More than a goal for Jordan

Maysa Jbarah scores first-ever Asian Games goal for Jordanian women as glimmer of hope comes out of 10-1 defeat to Chin

Even the biggest football fan could be forgiven for missing the most momentous goal so far at the Asian Games here in Guangzhou.

A long-range strike from Jordan’s Maysa Jbarah on Sunday came sandwiched in the middle of 10 goals for their opponents, China –  a powerhouse of women’s football in Asia and the hosts of this tournament of 42 sports and 12,000 athletes.

The 21-year-old’s goal was Jordan’s first at an Asian Games, coming four years after the team conceded 30 and scored none at their first appearance at the competition in Doha.

The quality of the finish – and the way the chance was created by fellow Amman-born strike partner Shahnaz Jebreen – showed that Jordan can have a future in a sport where the gulf in class between the top and bottom sides can produce brutal scorelines.

As China’s coach Li Xiaopeng said after the teams’ opening Group A match: “Our girls did a good job, but Jordan’s one goal is more important than our 10 goals.”

Beyond goals scored, the wider perspective should take in the fact that young women starting out in the sport in Jordan now have heroes they can look up to.

The 18-year-old Jebreen, one of two members of Sunday’s starting line-up to wear a headscarf, not only has lightning pace but moves intelligently and uses her skill on the ball to create good positions for her team.

Jebreen is no headless chicken. And if she can continue to cause problems for seasoned defences like China’s, she can be a talisman for Jordan over what they hope will be the next 15 years of steady improvement.

They have a new coach in Dutchwoman Hesterine Dereus, a positive realist who knows exactly where Jordan are in the scale of things, and exactly where she wants to take them.

But much like the medieval bricklayer who realises he will never live to see the completion of his cathedral or castle, Dereus is probably aware she is only the beginning of Jordan’s journey.

“We want to be in the top position, but we know where we are, and we are very far from China,” the former Netherlands international said on Sunday, before putting the result against a football-loving nation of 1.3 billion into some context.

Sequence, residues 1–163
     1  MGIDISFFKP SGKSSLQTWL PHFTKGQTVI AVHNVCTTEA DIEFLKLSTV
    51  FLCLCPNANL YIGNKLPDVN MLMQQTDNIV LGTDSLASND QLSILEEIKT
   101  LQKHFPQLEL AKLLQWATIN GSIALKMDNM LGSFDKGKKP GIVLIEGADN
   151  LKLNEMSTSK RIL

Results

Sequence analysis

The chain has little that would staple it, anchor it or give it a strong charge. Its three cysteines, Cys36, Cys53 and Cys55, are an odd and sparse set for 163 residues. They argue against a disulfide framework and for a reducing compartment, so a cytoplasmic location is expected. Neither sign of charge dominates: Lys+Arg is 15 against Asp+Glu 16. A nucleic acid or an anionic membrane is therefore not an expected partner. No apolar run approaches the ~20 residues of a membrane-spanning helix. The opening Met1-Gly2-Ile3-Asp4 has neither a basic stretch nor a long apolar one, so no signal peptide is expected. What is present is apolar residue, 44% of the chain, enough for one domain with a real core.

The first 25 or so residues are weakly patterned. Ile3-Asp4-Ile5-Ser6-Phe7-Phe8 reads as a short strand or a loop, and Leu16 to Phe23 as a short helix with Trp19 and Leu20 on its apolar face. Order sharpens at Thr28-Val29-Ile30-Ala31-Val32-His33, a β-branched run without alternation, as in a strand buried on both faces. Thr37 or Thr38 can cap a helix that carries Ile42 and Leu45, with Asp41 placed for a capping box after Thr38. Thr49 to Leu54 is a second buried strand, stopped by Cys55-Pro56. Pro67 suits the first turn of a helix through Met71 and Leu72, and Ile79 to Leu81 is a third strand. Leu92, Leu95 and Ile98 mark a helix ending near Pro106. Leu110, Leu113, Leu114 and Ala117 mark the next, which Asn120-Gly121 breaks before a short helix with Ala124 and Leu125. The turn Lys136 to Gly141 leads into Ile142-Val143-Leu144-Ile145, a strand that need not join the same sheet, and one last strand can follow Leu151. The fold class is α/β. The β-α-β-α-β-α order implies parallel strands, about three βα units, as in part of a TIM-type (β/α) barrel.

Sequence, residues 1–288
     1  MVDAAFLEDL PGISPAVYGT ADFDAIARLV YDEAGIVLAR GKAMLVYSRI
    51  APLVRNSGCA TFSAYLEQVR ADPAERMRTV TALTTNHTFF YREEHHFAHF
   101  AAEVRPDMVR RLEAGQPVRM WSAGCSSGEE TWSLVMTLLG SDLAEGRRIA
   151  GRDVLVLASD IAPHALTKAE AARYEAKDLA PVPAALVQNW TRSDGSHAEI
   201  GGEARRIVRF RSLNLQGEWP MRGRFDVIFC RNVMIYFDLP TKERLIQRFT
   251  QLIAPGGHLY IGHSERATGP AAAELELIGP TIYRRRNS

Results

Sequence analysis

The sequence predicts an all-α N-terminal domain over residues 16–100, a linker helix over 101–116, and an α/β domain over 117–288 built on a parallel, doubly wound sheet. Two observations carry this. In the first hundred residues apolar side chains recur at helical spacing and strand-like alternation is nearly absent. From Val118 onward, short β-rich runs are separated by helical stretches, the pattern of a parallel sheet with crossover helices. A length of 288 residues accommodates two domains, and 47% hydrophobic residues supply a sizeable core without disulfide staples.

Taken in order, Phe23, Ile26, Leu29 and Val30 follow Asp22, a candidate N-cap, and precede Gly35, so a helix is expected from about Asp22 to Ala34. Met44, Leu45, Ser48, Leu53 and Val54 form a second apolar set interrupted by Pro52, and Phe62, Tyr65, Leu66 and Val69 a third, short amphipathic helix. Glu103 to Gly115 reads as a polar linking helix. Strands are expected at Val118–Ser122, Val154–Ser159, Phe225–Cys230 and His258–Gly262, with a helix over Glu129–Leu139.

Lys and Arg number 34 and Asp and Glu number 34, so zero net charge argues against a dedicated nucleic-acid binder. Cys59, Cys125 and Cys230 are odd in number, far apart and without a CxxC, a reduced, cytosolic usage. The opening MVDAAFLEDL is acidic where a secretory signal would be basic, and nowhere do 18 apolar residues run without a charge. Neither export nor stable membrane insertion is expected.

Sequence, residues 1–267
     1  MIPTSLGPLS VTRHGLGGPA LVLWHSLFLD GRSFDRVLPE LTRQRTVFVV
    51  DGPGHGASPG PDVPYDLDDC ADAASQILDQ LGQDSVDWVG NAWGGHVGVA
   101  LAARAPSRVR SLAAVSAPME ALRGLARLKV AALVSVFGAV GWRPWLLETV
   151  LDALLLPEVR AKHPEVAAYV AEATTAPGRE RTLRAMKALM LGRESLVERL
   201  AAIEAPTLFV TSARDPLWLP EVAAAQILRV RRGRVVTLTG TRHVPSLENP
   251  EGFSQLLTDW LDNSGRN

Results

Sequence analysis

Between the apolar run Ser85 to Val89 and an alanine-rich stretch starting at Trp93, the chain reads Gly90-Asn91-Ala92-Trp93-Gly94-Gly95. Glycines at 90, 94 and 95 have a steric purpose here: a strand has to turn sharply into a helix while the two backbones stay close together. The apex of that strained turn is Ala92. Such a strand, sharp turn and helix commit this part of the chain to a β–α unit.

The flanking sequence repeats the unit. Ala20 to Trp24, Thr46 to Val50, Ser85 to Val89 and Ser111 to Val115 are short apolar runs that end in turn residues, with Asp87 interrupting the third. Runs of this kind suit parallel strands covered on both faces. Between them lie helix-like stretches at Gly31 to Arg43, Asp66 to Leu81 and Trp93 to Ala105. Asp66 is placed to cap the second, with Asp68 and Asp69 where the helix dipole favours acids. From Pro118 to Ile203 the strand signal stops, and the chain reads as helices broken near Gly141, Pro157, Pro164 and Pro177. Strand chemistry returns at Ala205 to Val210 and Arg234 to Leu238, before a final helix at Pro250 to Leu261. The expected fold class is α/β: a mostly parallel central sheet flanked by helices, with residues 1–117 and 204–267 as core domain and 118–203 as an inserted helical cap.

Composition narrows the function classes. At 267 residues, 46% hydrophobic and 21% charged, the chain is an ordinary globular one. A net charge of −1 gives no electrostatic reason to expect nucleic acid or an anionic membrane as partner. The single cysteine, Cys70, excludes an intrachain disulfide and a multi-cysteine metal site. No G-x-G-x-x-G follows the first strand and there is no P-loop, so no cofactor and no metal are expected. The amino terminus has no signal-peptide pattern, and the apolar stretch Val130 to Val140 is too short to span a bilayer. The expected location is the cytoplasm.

“There are only 360 (female) players in Jordan. I don’t know how many there are in China but I think it is more than that.

“Jebreen is disappointed that we lost, but she doesn’t understand that we are playing against the best and it is not enough to be fast and dangerous.”

After a solo run saw Jebreen have a decent shot on target a few minutes earlier, the diminutive teenager hared onto a long ball in the 19th minute, beating the last defender and forcing the China goalkeeper Zhang Yanru into a hasty clearance which Jbarah calmly popped straight back over Zhang’s head.

The strike made it 4-1 at that stage, but few goals when so far behind can have been celebrated with such glee.

One thing a developing team needs is stability, and the Jordanian football authorities would do well to keep hold of Dereus in these times when one bad result can mean the sacking of a coach.

Jordan will have many, many bad results before they can start turning improved performances into good scorelines. But they are not alone.

Vietnam lost 6-1 to South Korea on Sunday, and Thailand lost 4-0 to Japan in a score that looks relatively low for women’s football. That’s 22 goals in three matches, with Jordan still to face the Koreans and Vietnamese, and Thailand coming up against defending champions North Korea.

Incidentally, the men’s Jordan under-23 team finished bottom of their own Asian Games group having managed only one draw in three matches. That came against Palestine, who picked up their first point at an Asian Games but have never scored.

Barring a miracle, Jordan women’s goalkeeper Misda Ramounieh will be picking many more balls out of her net before the end of the group matches in Guangzhou, but the players will also hope to pick out the positives.

“We indeed lost by a landslide but it was not unexpected,” goalscorer Jbarah said about their first match.

“We are better than we used to be though. Football means everything to us and I’m just happy to have scored.”